SeeBoundless’ Steve Johnson on exploring the potential of immersive technology

Steve Johnson ()

Steve Johnson, founder of immersive tech startup SeeBoundless, will unpack some of those issues while offering advice on how to harness the emerging platforms at DIS 2019. Here he explains how he developed his enthusiasm for immersive technology, talks through his pioneering work with The Weather Channel, and outlines how the new era in immersive tech could deliver a significant revenue source for media companies.


***Book now at our standard rate for DIS 2019, taking place on 25 to 26 March in Berlin. Delegate rates will increase by €200 after 12 March. Sign up here***


Tell me about your career so far – what was your journey to SeeBoundless?

I like to describe SeeBoundless as the evolution of my career running over speed bumps. When I was finishing my undergraduate degree from The University of Florida (UF) in journalism with a focus on web and visuals the news industry was in a serious period of decline. No one was hiring. Especially with someone who could write, shoot video, shoot stills and build interactive stories on the web, which was rather ironic since at the time all we were hearing at conference was the need for “convergence journalists.”

So I freelanced for a number of years with ESPN, The New York Times, The Miami Herald and a few others while teaching at UF which allowed me to continue to develop as a journalist but also as a small business owner. Being in the academic environment also gave me the space to create classes out of thin air to experiment and build on new technologies with regards to storytelling.

Naturally, this evolved from breaking news and sports to more in depth work and by mixing in the technology, I realised I could start a company that could really help people merge storytelling and technology into some pretty powerful solutions.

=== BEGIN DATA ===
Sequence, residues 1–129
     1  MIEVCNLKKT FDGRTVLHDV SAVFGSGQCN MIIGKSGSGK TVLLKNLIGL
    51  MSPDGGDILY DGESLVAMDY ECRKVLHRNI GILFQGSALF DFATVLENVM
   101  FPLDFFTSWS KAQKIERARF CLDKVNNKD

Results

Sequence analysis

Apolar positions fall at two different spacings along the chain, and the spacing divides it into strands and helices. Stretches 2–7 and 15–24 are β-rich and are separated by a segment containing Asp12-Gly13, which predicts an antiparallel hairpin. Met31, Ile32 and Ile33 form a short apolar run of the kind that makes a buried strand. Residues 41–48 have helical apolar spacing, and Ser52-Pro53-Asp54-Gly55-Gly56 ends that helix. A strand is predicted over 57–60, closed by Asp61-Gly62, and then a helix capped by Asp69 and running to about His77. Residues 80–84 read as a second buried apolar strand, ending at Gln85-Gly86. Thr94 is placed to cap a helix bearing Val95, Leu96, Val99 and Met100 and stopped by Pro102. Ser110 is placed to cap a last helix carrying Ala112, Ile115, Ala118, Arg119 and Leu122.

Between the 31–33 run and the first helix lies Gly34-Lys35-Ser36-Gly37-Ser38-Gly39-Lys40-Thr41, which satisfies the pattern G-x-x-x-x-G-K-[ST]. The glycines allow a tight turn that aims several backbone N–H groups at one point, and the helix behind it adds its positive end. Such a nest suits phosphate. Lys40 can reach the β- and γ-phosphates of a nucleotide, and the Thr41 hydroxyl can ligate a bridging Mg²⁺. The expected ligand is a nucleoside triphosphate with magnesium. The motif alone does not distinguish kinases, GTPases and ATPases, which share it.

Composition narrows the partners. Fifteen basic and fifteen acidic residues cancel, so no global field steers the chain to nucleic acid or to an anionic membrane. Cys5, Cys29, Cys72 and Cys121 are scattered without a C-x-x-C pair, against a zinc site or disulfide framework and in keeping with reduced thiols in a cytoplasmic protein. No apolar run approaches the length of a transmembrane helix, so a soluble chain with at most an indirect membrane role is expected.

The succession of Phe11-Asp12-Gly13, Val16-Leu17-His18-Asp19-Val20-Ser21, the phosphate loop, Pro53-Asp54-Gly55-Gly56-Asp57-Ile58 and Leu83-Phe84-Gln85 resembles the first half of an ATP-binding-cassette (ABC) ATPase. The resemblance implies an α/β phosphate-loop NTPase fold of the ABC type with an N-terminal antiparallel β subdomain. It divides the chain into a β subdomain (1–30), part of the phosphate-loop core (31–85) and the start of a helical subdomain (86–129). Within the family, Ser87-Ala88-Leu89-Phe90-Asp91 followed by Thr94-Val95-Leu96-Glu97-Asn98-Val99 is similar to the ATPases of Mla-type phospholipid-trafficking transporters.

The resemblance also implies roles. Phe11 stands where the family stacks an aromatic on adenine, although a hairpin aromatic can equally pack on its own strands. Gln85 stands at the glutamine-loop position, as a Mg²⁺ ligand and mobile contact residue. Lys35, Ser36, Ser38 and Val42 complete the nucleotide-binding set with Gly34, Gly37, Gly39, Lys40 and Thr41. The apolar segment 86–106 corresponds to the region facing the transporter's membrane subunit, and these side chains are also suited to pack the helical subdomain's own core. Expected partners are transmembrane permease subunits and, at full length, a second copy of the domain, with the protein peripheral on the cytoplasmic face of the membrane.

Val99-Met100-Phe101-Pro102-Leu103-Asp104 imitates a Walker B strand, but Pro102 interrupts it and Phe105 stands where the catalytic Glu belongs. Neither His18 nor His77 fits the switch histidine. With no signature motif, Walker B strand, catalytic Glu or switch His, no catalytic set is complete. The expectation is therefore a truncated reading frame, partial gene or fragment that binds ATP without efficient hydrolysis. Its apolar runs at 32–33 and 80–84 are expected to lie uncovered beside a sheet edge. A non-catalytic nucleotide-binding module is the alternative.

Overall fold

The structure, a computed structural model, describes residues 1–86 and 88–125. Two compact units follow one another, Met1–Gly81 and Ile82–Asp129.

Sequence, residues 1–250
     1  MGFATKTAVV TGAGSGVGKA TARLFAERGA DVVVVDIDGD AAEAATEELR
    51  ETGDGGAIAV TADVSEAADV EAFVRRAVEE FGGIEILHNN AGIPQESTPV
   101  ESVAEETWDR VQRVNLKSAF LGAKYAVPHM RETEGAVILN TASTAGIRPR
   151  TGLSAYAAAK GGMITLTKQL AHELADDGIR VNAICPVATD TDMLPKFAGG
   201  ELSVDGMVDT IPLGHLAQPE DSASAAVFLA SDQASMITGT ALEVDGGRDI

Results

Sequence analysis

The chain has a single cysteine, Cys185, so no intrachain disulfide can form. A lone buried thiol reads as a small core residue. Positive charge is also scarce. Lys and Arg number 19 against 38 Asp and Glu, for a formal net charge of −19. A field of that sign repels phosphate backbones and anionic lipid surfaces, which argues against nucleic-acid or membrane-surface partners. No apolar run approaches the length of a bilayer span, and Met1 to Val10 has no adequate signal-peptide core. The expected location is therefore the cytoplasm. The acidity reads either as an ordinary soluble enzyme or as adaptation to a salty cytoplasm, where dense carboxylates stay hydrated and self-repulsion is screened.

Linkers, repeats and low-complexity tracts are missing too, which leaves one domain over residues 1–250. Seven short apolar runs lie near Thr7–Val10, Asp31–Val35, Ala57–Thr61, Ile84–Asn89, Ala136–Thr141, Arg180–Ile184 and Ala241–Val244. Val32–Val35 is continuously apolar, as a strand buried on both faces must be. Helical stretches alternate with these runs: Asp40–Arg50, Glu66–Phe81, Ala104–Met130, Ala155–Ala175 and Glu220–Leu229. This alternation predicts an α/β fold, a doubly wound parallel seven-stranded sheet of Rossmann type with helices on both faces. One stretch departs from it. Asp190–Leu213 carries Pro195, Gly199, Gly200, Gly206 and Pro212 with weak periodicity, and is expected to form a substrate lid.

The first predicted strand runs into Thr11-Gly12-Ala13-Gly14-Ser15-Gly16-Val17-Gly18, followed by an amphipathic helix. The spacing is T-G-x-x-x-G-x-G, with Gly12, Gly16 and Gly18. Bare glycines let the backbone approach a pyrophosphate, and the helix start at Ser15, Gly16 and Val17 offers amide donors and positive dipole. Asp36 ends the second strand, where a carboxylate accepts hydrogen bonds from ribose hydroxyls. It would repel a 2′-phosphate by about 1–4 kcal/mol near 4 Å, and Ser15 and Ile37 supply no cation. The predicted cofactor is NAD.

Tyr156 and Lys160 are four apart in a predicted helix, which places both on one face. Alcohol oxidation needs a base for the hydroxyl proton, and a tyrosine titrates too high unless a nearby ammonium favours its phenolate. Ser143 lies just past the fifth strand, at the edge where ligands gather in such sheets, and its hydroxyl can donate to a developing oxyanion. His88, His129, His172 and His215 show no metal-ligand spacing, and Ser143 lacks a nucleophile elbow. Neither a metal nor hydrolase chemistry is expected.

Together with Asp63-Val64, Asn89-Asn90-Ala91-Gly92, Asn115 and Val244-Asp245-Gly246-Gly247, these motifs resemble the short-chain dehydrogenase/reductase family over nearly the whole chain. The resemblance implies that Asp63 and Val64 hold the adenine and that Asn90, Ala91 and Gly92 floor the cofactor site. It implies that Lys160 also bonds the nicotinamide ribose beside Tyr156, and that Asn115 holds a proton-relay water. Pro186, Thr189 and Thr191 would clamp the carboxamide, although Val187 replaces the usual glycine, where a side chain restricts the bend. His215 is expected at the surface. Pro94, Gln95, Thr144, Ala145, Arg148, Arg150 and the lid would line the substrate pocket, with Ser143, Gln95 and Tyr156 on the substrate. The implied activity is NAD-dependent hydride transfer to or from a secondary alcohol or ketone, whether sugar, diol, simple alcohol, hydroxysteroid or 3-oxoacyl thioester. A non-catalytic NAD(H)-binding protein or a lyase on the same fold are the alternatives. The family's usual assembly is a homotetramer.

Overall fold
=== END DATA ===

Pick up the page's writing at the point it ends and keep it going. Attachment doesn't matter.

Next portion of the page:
And what was the catalyst that lead to the formation of SeeBoundless?

In 2015, I was finishing a master’s degree in business entrepreneurship at UF while teaching in the journalism programme and as a part of my master’s degree I spent a period of time in Haiti helping build business and communications plans for new entrepreneurs. It completely changed my outlook on what I was doing with my skillset and the day after I returned I decided to stop covering breaking news and sports, gave the majority of that work away to assistants and students and started building the plan for SeeBoundless.

A few months later, I moved from Gainesville, Florida to Washington, DC to begin working with news organisations and non-profits to use storytelling to help others – hence the company tagline “Tell Stories. Help People.”


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Where are we on the cycle of adoption of immersive tech by media companies? What are the barriers that are slowing things down and what do you think will be the opportunities in the coming year?

I think media companies get excited by immersive tech, just like they got excited about social media, or video, or the web. What is concerning is the lack of focus when it comes to the adoption of new technologies. Media companies need to be constantly balancing the value of experimentation with the implantation of new technology but use the guiding principle of “will this help my audience understand a story better” which will lead to increased value of a media company.

I feel this is lost time and time again with new technology, most recently in the pivot to video online and on social networks which have yet to create real value and drive subscriptions for news organisations.

I see immersive technology as an amazing complimentary tool for media companies that should be showcased with high quality reporting and storytelling.


Do you think one format VR/AR/360 will emerge as dominant over the others or will they have a role?